Wednesday, September 30, 2009

Keeping both hands warm

Ha! I love it! What a bizarre way to go green! Hopefully there will be more and more of these types of initiatives popping up after yesterday's talk about not waiting for governments to save us. Although much as I tried to convince myself that it's not only good for minimising waste, but for rocking some recessionista couture too, I just can't. The combinations are hideous. Saving the little hand-knitted glove with reindeer prints (as only the Brits can do so well - I give you Mark Darcy's jersery in Bridget Jones) for pairing with an even uglier felt number in a clashing colour is really pushing the environmental movement back into the smelly hippy corner from whence it came! Perhaps Topshop or H&M will come to the rescue.

In the meantime, I'm happy to live in a climate where the only way this would work would be to pair unmatched flip-flops. And I have a small mountain of those to offer up...

Tuesday, September 29, 2009

Doing it for ourselves

I went to a talk tonight on Active Citizenship by Dr Mamphela Ramphele, at Kirstenbosch. It was for the launch of an interesting-looking book on how ordinary South Africans can make a difference. Some of the other speakers were a little arb - I had to do a lot of blackberry facebooking during a particularly long-winded anecdote about the National Union of Mineworkers' labour dispute with another union. But generally the idea was a good one: getting us off our arses, and transforming us from a nation of whingers to a nation of empowered citizens who uplift their own communities. She pointed out that we don't have any more baggage, for example, than Mozambicans, and yet they have made the decision to work towards a better future rather than moan about the past.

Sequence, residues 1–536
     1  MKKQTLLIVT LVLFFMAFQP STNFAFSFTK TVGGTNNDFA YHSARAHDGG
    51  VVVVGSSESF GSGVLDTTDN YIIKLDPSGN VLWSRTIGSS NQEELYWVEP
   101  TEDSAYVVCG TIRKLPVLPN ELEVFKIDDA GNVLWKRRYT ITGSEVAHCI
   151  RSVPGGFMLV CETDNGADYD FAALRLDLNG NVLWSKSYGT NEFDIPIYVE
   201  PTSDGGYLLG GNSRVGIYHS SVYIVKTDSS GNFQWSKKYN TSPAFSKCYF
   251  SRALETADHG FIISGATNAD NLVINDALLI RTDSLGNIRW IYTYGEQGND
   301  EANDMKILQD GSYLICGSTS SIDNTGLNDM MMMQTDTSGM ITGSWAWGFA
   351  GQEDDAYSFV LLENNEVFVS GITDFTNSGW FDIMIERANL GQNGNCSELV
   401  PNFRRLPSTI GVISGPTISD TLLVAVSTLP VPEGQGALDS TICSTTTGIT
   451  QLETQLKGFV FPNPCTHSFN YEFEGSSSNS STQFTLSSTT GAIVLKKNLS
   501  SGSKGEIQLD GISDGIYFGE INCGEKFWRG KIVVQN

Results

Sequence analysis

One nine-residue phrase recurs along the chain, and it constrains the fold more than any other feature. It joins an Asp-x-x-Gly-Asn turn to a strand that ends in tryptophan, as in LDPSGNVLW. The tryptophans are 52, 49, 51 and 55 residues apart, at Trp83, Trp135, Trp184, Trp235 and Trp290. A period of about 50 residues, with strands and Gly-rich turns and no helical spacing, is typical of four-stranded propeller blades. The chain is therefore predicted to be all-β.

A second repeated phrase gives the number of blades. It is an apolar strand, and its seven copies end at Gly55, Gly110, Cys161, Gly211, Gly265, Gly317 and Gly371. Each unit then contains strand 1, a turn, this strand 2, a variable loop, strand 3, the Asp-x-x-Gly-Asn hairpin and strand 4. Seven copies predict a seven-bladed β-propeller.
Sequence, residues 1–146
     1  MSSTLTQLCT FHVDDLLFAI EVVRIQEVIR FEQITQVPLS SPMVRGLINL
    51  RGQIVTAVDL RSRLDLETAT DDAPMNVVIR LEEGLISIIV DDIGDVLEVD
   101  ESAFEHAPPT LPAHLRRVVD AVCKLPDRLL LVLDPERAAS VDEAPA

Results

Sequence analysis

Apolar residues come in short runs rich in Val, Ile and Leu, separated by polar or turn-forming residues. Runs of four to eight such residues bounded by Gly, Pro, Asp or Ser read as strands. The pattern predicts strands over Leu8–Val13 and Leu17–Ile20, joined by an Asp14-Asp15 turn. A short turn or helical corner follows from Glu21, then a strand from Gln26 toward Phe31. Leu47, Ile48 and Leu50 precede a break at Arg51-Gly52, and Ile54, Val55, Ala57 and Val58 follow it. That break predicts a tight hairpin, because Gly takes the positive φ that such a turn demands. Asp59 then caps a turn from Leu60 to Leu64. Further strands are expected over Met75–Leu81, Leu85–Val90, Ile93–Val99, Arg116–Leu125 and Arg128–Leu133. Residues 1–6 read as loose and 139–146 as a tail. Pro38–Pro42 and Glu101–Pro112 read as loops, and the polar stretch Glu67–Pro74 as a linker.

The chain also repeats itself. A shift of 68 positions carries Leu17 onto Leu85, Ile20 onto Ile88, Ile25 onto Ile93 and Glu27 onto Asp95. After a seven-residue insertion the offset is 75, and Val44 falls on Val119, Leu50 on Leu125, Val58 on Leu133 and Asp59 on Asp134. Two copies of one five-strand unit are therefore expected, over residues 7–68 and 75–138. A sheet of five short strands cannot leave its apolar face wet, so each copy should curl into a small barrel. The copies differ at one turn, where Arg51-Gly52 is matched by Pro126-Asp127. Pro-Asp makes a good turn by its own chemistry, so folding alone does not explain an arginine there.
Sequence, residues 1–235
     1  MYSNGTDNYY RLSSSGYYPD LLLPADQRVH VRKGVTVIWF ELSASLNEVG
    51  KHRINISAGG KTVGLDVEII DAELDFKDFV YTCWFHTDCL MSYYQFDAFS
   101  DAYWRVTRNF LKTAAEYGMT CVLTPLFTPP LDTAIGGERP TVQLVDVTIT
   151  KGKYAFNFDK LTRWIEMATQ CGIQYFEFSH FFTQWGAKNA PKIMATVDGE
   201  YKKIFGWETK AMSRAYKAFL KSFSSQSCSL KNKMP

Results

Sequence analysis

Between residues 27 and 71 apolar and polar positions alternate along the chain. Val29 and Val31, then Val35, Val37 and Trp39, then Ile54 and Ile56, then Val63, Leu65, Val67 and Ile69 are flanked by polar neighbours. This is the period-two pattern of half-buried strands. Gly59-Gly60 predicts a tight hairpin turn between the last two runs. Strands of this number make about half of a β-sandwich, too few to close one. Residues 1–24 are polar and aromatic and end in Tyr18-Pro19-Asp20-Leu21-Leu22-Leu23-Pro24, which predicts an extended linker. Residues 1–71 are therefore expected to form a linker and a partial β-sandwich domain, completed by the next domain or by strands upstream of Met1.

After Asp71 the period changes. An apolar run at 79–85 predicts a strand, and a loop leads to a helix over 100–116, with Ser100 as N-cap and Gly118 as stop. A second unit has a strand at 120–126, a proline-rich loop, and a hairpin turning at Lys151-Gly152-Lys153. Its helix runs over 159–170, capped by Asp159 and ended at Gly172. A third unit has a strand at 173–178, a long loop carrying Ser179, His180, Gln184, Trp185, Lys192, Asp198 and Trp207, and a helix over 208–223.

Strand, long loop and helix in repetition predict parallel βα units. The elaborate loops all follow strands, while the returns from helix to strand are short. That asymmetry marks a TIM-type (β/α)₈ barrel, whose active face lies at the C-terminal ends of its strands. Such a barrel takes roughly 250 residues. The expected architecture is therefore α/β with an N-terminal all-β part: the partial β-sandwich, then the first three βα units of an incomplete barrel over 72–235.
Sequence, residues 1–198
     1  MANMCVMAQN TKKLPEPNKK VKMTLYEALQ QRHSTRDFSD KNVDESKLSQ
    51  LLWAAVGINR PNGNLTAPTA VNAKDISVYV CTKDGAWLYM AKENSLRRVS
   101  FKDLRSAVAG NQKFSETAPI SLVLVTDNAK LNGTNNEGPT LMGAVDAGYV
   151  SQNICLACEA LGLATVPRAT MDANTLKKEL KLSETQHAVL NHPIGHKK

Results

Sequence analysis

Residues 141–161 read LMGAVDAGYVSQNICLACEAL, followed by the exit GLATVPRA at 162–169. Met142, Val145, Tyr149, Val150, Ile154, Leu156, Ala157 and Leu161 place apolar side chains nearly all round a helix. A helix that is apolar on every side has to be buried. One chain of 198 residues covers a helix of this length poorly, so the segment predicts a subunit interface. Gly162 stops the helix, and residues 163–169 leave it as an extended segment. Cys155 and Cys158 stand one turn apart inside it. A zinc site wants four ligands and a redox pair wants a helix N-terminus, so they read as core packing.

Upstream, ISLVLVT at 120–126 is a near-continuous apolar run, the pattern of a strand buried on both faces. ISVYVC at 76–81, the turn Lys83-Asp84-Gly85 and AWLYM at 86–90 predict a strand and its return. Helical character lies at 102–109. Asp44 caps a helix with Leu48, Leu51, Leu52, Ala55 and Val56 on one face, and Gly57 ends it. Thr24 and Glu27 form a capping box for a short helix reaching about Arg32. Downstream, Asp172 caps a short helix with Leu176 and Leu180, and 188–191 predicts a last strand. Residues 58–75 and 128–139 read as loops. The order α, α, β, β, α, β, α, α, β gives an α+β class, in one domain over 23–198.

Two things stood out for me in what she said:

Firstly, we don't move on from our past because our post-apartheid amelioration system incentivises victimhood as a golden ticket for a free lunch.

Secondly, the vocabulary of 'delivery' has demobilised South Africans. We no longer do anything for ourselves because we expect houses to be 'delivered', jobs to be 'delivered'. It is absurd to expect the government to provide everything.

Where is our pride? Amandla awethu, my brothers and sisters :)

Thursday, September 24, 2009

# rant

Can ol Helen Zille, the city government and SA companies please come to the table? When are we going to get cycle routes in this city? I can't believe with all the new roads being built for 2010, the city is showing absolutely no signs of engaging with how people actually want to travel in the 21st Century! How can you be clean when all you plan for are buses and taxis and trains? Where is our national cycle scheme, with it's financial incentives to use bicycles? Where are our safe, motor-free cycle lanes and pedestrian paths? Why don't green companies like Nedbank or Woolworths put their money where their mouth is and develop solar-powered trams? Cape Town needs to wake up.